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DSU Faculty research drives advances in AI, Quantum

January 29, 2024

Dakota State faculty are leaders in emerging fields like artificial intelligence and quantum.  

Through professional publications and outreach with research labs, the experts at Dakota State demonstrate the important ways they can positively impact this rising technology in society.

Dr. David Zeng is the Director of the Center for Business Analytics Research (CBAR) in the Madison Cyber Labs and an Associate Professor in the College of Business & Information Systems.

“In the rapidly evolving landscape of investment, data is king,” Zeng said.

As CBAR works with industry, government, and academic partners to provide outreach services to clients around the state, their mission is to demystify the complexities of financial data for their investment firm clients, he said.

“We are dedicated to developing web-based data dashboards and exploring the potential of generative AI models for creating investor-oriented content.

Dr. David Zeng is the Director of the Center for Business Analytics Research (CBAR) in the Madison Cyber Labs and an Associate Professor in the College of Business & Information Systems.

These projects involve a multidisciplinary team of talented graduate students and seasoned researchers. This experience is invaluable for the students. Zeng shared about a former graduate student working as a research assistant at CBAR. When the student received an employment offer from a financial company in Sioux Falls, he told Zeng, "The skills I developed working for the CBAR project are exactly what the company is looking for, so the experience working under CBAR is the reason I got this job."

Current activities involve real-time data dashboards, deployment as web apps, and generative AI for content creation. These endeavors are promising, but have challenges, such as the integrity and security of financial data, and the accuracy and unbiased nature of AI-generated content. To address these, CBAR has implemented stringent data encryption and anonymization protocols to safeguard information, and is establishing oversight mechanisms involving automated checks, domain specific fine-tuning, and human verification.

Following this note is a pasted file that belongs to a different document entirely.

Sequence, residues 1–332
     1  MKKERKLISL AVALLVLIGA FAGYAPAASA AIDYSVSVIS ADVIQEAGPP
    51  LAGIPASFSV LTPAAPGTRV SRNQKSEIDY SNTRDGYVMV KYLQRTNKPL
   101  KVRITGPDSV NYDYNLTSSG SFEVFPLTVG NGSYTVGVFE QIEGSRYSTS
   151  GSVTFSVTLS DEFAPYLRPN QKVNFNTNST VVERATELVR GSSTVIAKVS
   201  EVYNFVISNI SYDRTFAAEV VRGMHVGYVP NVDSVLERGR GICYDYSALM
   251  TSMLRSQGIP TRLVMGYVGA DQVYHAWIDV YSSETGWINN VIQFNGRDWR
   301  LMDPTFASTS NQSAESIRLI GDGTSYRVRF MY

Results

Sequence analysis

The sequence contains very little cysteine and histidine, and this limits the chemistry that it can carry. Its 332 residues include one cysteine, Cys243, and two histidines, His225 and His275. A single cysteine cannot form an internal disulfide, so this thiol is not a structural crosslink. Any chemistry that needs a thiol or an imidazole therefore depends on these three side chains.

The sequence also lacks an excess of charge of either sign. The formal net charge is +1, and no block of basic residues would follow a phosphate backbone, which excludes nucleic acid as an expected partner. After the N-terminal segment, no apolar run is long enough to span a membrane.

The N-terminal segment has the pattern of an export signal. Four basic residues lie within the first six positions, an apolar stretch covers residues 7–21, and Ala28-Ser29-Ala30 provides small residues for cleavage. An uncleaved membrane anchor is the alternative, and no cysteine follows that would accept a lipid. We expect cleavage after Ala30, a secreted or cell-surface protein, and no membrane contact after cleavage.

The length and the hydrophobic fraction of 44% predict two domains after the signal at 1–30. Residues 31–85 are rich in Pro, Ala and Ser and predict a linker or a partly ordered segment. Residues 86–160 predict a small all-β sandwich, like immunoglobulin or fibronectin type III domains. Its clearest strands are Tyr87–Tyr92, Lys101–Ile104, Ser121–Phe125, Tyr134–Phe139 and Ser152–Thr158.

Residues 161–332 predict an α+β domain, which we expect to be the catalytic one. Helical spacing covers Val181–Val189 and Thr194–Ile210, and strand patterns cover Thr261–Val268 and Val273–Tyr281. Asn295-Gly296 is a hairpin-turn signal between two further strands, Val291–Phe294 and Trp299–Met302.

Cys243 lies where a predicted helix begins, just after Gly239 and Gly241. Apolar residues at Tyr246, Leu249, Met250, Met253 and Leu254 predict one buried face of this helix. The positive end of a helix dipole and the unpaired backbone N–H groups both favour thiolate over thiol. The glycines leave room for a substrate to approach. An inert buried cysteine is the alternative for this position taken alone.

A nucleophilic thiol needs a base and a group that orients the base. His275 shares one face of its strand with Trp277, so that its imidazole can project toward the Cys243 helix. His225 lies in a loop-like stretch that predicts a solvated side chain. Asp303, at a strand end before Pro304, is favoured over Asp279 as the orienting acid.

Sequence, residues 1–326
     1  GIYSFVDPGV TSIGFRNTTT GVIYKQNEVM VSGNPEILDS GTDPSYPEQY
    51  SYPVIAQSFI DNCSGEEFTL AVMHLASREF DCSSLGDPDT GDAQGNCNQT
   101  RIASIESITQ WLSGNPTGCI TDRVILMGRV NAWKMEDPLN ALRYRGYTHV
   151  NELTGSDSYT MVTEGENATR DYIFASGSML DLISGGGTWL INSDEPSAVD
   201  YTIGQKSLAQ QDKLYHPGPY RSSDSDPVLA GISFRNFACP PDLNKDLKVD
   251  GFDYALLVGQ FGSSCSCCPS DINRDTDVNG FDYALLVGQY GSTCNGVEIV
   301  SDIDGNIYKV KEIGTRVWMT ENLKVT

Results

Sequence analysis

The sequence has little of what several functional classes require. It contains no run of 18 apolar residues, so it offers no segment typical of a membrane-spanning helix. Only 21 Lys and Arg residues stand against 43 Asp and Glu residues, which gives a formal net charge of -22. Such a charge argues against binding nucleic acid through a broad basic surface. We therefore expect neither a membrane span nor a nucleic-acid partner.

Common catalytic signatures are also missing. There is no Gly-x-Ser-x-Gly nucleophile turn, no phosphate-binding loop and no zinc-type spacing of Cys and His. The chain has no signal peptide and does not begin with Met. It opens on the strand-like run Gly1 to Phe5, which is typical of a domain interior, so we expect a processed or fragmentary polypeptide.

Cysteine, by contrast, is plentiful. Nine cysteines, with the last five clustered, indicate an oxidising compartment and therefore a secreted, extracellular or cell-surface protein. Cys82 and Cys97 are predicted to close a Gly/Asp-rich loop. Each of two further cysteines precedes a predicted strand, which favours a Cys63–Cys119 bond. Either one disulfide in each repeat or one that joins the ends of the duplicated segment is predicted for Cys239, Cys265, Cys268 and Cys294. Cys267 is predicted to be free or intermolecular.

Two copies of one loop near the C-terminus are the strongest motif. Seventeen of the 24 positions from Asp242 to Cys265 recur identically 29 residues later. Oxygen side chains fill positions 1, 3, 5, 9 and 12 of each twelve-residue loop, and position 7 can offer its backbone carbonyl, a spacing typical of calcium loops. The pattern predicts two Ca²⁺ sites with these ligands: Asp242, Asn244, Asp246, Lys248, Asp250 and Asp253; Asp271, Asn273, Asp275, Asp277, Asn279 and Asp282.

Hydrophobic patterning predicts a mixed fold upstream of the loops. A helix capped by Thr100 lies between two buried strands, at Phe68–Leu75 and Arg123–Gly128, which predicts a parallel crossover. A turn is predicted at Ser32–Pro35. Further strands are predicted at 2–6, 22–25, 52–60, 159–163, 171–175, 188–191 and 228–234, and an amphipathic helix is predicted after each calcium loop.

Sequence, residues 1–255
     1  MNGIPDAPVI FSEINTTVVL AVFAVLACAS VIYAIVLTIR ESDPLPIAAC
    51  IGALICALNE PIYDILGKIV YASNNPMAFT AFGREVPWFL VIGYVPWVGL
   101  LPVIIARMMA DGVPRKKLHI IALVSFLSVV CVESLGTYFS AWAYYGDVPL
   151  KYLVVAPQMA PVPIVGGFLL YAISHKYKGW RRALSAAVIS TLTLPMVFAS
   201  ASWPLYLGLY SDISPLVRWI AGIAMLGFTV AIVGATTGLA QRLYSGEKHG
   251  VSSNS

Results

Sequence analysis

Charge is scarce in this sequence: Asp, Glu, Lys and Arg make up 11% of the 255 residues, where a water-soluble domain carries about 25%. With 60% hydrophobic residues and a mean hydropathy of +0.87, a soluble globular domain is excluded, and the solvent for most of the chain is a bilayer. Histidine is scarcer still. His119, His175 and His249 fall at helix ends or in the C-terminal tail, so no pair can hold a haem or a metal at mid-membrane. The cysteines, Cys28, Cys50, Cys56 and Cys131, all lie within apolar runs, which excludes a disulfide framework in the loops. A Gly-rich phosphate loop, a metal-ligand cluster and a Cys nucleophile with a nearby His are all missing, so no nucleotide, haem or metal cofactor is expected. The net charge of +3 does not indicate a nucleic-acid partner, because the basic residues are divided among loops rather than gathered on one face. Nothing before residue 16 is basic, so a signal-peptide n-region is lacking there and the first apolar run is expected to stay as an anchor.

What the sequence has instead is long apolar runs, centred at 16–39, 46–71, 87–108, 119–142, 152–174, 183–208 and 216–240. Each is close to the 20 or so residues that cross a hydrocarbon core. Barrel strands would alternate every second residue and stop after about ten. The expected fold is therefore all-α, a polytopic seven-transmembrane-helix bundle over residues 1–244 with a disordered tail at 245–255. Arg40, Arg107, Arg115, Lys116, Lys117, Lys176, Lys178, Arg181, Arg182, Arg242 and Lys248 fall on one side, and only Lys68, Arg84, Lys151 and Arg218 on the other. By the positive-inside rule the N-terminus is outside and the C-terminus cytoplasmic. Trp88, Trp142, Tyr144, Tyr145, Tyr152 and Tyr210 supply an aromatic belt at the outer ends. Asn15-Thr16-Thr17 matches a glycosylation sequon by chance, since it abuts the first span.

Future projects will look at predictive analytics integration, personalization through AI, expanding content generation, and collaboration with FinTech innovators.

“We are at the exciting confluence of data science, web technology, and artificial intelligence, continuously pushing the boundaries of what's possible. As we look to the future, we remain committed to delivering tools and insights that will shape the next generation of investment strategies,” Zeng said.

Dr. Varghese Mathew Vaidyan is also researching AI, and recently published an article titled “Hybrid Quantum Artificial Intelligence Electromagnetic Spectrum Analysis Framework for Transportation System Security” in the Journal of Hardware Systems and Security. He is Assistant Professor in The Beacom College of Computer & Cyber Sciences, Director of the PATRIOT Lab the Madison Cyber Labs.

The idea for this research resulted from the challenges and opportunities presented by cybersecurity perspectives with the integration of connected vehicle (CV) technology in traffic signal control (TCS) systems.

“Our study revealed a critical cybersecurity gap in TSC systems,” Vaidyan said.

To address this, “we developed a comprehensive electromagnetic analysis approach by constructing a monitoring framework based on hybrid quantum-classical architectures to analyze electromagnetic spectra.”

As with all research, it generates additional questions that build into more research. “This project lays the groundwork for several potential avenues of continued work. One promising direction could involve further exploration into the implementation of the proposed air-gapped electromagnetic hybrid quantum-classical monitoring framework in real-world traffic signals, conducting extensive simulations, and collaborating with industry partners to validate its effectiveness.”

This research is timely, given the proposed Center for Quantum Information Science & Technology (C-QIST) between Dakota State, SD Mines, USD, and SDSU.

This presents “exciting opportunities for both my professional development and the enriching experience of our students,” he said, by aligning the current trajectory of advancements in technology and research, and providing a unique opportunity to engage with cutting-edge developments in quantum computing.

Also, the collaborative and interdisciplinary nature of quantum research often fosters an environment conducive to networking with experts in the field.

“This collaborative aspect opens avenues for professional growth through joint projects and potential collaborations with industry partners associated with the quantum center,” Vaidyan said.

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